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NY Post: NBA ref to be arrested for fixing games

Discussion in 'Sports and News' started by poindexter, Jul 20, 2007.

  1. poindexter

    poindexter Well-Known Member


    NBA IN A 'FIX'


    July 20, 2007 -- THE FBI is investigating an NBA referee who allegedly was betting on basketball games - including ones he was officiating during the past two seasons - as part of an organized-crime probe in the Big Apple, The Post has learned.

    The investigation, which began more than a year ago, is zeroing in on blockbuster allegations that the referee was making calls that affected the point spread to guarantee that he - and the hoods who had their hooks in him - cashed in on large bets.

    Federal agents are set to arrest the referee and a cadre of mobsters and their associates who lined their pockets, sources said.

    "These are dangerous people [the referee] was involved with," a source said.

    One source close to the probe counted the number of games on which the ref and his wiseguy buddies scored windfalls in the "double digits."

    NBA Commissioner David Stern is aware of the investigation and has a report about the referee on his desk, another source said.

    The official, whose name was withheld, allegedly wagered on games during the 2005-06 and 2006-07 NBA seasons.

    James Margolin, an FBI spokesman, declined comment on the latest black eye for professional sports.

    The sources indicated the referee apparently had a gambling problem, slipped into debt and fell prey to mob thugs.

    "That's how he got himself into this predicament" by wagering with mob-connected bookies, one source said.

    Professional basketball has remained largely unscathed by allegations of game-fixing, although college basketball has been rocked by several scandals involving point-shaving by players, but not officials.

    One of the most recent was a Boston College point-shaving scam arranged in the 1980s by mobster Henry Hill, who bribed several players. Hill later became a government informant, and his life was depicted in the movie "GoodFellas."

    Having a referee in their pockets provides a two-fold bonanza to game fixers.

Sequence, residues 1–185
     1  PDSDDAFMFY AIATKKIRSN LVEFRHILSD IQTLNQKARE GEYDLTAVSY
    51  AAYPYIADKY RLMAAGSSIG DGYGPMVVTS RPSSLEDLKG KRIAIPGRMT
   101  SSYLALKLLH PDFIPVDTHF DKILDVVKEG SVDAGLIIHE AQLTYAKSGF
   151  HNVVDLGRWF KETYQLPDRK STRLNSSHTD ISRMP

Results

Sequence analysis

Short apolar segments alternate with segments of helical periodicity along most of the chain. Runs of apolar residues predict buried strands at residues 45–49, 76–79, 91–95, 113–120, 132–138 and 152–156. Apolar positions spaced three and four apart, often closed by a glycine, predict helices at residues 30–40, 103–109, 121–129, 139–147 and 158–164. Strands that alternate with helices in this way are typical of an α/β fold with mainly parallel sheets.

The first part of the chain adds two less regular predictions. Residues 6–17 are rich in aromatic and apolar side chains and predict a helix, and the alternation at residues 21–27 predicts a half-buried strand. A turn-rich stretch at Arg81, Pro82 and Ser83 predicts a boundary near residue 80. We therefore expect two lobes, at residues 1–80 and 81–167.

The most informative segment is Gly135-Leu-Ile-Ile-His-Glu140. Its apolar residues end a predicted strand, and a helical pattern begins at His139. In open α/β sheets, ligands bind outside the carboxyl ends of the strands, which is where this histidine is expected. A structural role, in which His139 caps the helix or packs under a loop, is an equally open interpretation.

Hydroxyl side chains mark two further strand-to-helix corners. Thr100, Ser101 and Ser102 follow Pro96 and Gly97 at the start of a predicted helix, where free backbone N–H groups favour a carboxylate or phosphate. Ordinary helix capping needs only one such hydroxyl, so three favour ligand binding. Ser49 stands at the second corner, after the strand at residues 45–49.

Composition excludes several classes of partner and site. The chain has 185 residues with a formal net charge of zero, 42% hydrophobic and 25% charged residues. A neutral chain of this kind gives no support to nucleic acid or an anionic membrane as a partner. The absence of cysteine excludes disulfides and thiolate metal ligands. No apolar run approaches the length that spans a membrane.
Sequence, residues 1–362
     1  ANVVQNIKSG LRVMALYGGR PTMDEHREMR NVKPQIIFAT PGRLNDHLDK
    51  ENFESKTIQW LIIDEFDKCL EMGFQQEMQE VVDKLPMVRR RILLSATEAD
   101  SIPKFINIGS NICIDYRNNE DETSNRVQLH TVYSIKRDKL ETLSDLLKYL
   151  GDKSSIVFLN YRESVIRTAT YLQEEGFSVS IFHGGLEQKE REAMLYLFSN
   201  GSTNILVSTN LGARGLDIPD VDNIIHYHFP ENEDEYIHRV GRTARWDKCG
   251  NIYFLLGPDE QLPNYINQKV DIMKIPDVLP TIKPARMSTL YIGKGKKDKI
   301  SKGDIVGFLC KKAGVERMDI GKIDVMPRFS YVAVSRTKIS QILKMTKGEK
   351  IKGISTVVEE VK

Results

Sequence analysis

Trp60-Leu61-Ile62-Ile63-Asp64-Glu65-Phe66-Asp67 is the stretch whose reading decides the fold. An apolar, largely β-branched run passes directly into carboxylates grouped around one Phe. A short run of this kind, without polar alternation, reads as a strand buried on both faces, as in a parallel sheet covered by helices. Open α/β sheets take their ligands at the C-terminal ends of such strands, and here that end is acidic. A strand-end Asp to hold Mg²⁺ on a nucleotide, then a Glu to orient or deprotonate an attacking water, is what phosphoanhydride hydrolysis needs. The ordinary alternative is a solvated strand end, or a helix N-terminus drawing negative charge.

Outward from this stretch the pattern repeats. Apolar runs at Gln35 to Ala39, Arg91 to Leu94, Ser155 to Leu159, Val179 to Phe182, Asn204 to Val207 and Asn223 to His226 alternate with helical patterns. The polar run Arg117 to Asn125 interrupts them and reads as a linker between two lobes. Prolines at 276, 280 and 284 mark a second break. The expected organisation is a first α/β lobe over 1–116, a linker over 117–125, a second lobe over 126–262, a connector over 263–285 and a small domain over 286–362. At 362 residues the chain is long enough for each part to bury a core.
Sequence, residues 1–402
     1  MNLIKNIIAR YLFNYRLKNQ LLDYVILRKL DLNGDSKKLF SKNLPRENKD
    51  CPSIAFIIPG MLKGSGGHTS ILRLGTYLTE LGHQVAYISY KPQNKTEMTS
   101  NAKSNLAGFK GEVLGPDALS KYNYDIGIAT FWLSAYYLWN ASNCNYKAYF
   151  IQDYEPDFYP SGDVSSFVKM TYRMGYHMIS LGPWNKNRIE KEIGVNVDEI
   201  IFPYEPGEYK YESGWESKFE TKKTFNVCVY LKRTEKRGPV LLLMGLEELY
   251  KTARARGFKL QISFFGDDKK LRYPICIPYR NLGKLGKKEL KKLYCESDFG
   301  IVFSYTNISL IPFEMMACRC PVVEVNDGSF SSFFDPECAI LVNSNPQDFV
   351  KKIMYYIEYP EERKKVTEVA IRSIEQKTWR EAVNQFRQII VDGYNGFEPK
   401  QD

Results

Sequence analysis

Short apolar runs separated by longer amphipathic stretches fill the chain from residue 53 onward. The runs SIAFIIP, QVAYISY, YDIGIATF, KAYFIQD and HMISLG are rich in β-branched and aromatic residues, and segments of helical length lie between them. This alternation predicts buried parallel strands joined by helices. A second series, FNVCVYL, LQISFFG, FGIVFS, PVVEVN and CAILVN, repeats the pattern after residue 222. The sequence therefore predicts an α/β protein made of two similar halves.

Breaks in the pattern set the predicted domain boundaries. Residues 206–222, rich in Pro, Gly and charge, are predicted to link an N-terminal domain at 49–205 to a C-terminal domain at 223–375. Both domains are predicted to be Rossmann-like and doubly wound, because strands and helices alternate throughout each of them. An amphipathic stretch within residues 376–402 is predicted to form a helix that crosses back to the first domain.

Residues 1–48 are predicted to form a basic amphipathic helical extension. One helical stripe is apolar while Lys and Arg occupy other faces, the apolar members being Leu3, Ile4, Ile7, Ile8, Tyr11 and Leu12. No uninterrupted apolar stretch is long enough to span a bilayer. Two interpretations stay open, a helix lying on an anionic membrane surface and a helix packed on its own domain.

Gamblers would be able to directly cash in by betting on games where they knew the point spread was compromised.

    But having a ref in their pocket could prove even more lucrative to crooks in a bookmaking syndicate.

    Bookmakers hope to encourage an equal amount of betting on each team and make their money on the "vigorish," which is typically 10 percent of a losing bet.

    But armed with the inside information, the bookmaking syndicate could set an artificial point spread that would encourage large "layoff" bets from other bookies carrying too much action on one team, that were likely now to lose.

    An FBI organized-crime squad in the bureau's flagship New York office is handling the case, but the referee traveled the country officiating various games on which he allegedly bet.

    It was not determined which games were allegedly affected by the referee's actions, or how much money may have been won by him and his cohorts.

    The FBI got wind of the scheme while conducting a separate mob investigation.

    The most prominent American sport- gambling scandal in recent history involved Cincinnati Reds manager Pete Rose, who was banned from baseball in 1989 for betting on his own team.

    Based largely on testimony of two Rose associates, Ron Peters and Paul Janszen, Major League Baseball determined that from 1985 through 1987, Rose bet on baseball, including 52 Reds games in 1987, at a minimum of $10,000 a game.

    All of Rose's bets on Cincinnati were to win.

  2. Chi City 81

    Chi City 81 Guest

    Damn. Who is it, I'm wondering. I'll laugh my ass off if it's Hue Hollins, or Violet Palmer, since they're both so stunningly bad it's almost painful to watch sometimes.
  3. Double Down

    Double Down Well-Known Member

    Can you imagine if they find out some ref was fixing playoff games? Holy shit.
  4. Just what the NBA needs; another blackeye.
  5. cranberry

    cranberry Well-Known Member

    This is the way it always happens. Gambler gets in over his head with debt and the bad guys put their hooks in. Every sport and all gamblers who are in position to affect scores and results -- general managers, managers, players, referees -- are susceptible.
  6. HackyMcHack

    HackyMcHack Member

    I've taken a few calls over the years from irate NBA fans claiming games were fixed. Pistons fans (Celtics). Pacers fans (Bulls). Jazz fans (Bulls again). Not so much in the last few years.

    But if this pans out, oh my......
  7. Simon_Cowbell

    Simon_Cowbell Active Member


    Oh... they have enough black guys, huh?
  8. slappy4428

    slappy4428 Active Member

    I second Hue Hollins... would be poetic justice
  9. Simon_Cowbell

    Simon_Cowbell Active Member

    Joey Crawford has to be a possibility.
  10. 93Devil

    93Devil Well-Known Member

    No reference to Arizona State?

    "You guys really need to start scoring more," said the FBI at halftime.

    I know people gamble. I know refs, players and coaches gamble. I know writers gamble, and I know fans gamble.

    Is there anything that can be done about it?

    Does the NBA and NFL handle the bank accounts of the refs and players?

    Do we legalize gambling and have the federal government monitor it?

    Do we pay refs as much as the players? Is there a salary limit for NBA refs like there is in the NFL?
  11. MileHigh

    MileHigh Moderator Staff Member

    How about if some of the games being fixed involved the Mavericks. Would be fun to see Mark Cuban go off on that.
  12. This could be a massive development. WOW.
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